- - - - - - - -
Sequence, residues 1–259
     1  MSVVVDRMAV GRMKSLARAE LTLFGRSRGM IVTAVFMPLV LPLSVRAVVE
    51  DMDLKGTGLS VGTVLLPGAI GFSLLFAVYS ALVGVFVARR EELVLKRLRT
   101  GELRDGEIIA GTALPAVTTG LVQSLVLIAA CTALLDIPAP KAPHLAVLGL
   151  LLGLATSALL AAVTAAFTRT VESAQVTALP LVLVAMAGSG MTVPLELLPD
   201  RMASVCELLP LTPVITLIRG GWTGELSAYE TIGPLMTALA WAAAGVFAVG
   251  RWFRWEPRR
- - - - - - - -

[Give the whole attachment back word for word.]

Sequence, residues 1–259
     1  MSVVVDRMAV GRMKSLARAE LTLFGRSRGM IVTAVFMPLV LPLSVRAVVE
    51  DMDLKGTGLS VGTVLLPGAI GFSLLFAVYS ALVGVFVARR EELVLKRLRT
   101  GELRDGEIIA GTALPAVTTG LVQSLVLIAA CTALLDIPAP KAPHLAVLGL
   151  LLGLATSALL AAVTAAFTRT VESAQVTALP LVLVAMAGSG MTVPLELLPD
   201  RMASVCELLP LTPVITLIRG GWTGELSAYE TIGPLMTALA WAAAGVFAVG
   251  RWFRWEPRR